Hackberry Celtis occidentalisHackberry (Celtis occidentalis) is one of our most common trees in Iowa. Hackberry is a member of the elm family, but is a different genus. The name hackberry originated from the Scottish "hagberry" which in England was the common name bird cherry.

Habitat: Found on open lowland woods in moist disturbed soils

Hardiness: Zones 2 through 9 

hackberry leaves on a twig
Hackberry Leaves - Photo by Paul Wray, Iowa State University

Growth Rate: Fast

Mature Shape: Cylindrical with drooping branches

Height: 40-60 feet

Width: 40-60 feet

Site Requirements: Prefers rich, well drained soil but adapts to a range of soil types. Plant in full sun.

Leaves: Alternate, simple, double-toothed with unequal leaf bases

Flowering Dates: April - May

Seed Dispersal Dates: October - Winter

Seed Bearing Age: 15 years

Seed Bearing Frequency: Yearly

Seed Stratification: Prechill for 3 months at 34°F to 40°F

hackberry twig
Hackberry Twig - Photo by Paul Wray, Iowa State University

Hackberry is easy to identify because of its distinctive characteristics of strongly unequal leaf base and rough, warty bark. The leaves are alternate, simple, 2-5 inches long, with strongly unequal bases and a sharply tapering tip. The leaf margin is toothed except near the base, lustrous to dull green above, with a fine network of veins below.

The twigs are slender, zigzag in appearance, light olive-brown in color with prominent lenticels. The pith of the twigs are usually chambered near the buds or nodes with small half-round leaf scars with usually three bundle scars. The terminal bud is absent; lateral buds are about 1/8 inch long, oval to triangular in shape, light brown in color, with 3-4 bud scales.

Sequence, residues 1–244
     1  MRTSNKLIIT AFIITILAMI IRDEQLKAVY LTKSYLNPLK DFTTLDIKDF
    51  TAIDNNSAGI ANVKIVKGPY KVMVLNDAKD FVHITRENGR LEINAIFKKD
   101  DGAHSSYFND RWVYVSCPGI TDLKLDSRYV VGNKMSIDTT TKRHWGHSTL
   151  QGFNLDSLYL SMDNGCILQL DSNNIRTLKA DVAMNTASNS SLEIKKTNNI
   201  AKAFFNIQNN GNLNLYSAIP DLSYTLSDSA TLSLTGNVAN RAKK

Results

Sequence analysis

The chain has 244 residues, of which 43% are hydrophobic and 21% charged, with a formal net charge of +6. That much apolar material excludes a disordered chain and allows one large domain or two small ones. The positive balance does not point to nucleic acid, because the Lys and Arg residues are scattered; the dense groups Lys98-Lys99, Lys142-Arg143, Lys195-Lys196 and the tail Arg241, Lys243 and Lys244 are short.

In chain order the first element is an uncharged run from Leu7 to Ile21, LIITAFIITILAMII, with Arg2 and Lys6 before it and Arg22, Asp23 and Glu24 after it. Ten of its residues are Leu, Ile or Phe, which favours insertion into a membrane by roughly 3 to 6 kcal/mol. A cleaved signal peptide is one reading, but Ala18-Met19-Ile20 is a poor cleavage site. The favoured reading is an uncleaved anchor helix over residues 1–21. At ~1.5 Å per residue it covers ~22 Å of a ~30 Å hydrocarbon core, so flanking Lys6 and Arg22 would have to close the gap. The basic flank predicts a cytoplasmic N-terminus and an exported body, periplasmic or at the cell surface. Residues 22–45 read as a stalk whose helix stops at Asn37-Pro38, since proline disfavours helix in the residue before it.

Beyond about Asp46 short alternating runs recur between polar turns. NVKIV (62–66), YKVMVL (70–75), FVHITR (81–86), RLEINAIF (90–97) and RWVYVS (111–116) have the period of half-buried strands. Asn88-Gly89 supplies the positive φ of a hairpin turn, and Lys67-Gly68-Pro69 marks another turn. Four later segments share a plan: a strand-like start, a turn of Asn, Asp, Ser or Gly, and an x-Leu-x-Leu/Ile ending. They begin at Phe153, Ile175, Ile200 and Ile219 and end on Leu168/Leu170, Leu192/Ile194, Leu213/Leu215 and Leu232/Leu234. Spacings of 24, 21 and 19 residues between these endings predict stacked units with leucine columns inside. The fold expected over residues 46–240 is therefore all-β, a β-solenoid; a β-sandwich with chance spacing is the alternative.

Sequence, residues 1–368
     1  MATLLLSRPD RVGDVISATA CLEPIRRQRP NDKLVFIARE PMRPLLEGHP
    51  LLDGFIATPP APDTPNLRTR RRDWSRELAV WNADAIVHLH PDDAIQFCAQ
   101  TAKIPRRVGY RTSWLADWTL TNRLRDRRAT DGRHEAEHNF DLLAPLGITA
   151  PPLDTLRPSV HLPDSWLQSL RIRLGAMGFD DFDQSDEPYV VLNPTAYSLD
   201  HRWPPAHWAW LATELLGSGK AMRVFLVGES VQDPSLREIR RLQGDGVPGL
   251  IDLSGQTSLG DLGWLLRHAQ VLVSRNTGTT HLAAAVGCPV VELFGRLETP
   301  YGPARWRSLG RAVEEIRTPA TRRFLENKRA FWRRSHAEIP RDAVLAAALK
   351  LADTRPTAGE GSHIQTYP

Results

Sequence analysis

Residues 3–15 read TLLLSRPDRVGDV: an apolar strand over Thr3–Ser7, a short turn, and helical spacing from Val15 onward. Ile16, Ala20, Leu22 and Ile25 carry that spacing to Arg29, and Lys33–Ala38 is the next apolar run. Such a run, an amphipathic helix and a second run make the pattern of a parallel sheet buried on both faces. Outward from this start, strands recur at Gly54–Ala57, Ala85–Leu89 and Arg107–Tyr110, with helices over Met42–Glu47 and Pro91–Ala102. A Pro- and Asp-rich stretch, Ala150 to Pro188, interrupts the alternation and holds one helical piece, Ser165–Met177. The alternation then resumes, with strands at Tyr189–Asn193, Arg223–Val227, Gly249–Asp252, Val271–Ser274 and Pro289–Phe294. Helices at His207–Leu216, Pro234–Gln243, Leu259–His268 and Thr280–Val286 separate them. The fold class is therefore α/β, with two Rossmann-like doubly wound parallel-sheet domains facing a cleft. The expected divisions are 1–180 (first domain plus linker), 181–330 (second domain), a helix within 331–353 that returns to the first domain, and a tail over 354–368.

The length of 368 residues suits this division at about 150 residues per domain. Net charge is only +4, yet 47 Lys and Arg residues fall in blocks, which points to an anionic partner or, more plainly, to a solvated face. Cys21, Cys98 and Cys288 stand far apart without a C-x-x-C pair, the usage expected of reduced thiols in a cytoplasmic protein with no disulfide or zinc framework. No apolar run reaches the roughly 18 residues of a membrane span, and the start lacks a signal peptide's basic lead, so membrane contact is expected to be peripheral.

The bark is light to dark gray in color; on young trees the warty outgrowths appear to be scattered randomly while on older trees the warty outgrowths develop into narrow corky projecting ridges. The fruit is a dark purple drupe about 1/3 inch in diameter which is used by several species of birds including flickers, cardinals, cedar waxwings, brown thrashers, and robins. Hackberry has high wildlife value because the fruit persists into the late winter months.

Hackberry is native throughout Iowa. Hackberry grows in a wide variety of sites from dry and droughty to moderately moist to wet lowland sites. It probably does best on the moist sites and its common associates include green ash, silver maple, cottonwood, and boxelder on bottomland sites, and elms, walnut, and sugar maple on upland sites. On good sites, hackberry grows moderately fast; on dry sites, the growth rate is somewhat slower. 

In Iowa, hackberry has two minor pest problems. Hackberry nipple gall, which are nipple-shaped outgrowths caused by a small insect are often unsightly but cause no damage to the tree. Hackberry also is susceptible to witches broom, a proliferation of small branches, also probably insect induced. Again, the damage to the tree in insignificant other than appearance of the tree. The witches brooms can be removed if desired. 

Hackberry is a excellent ornamental tree for both street and landscape use. It grows moderately fast under most site conditions and generally tolerates adverse urban sites well. Hackberry is a moderately large tree (50-70 feet tall) and because of its vase-shape and rounded crown provides excellent shade. Fall color is yellow-green to yellow-brown. 

The wood of hackberry is flexible, shock resistant and moderately strong, hard and heavy. It looks like elm but typically has a wider sapwood and distinctive yellow streaks. Its is used for pallets, furniture, and sporting goods.

Insects that Can Affect Hackberry

small, green, berry-like hackberry flowers
Hackberry Flowers - Photo by Paul Wray, Iowa State University

small red berry-like hackberry fruit
Hackberry Fruit - Photo by Paul Wray, Iowa State University

three variations of rough, bumpy hackberry bark
Hackberry Bark - Photos by Paul Wray, Iowa State University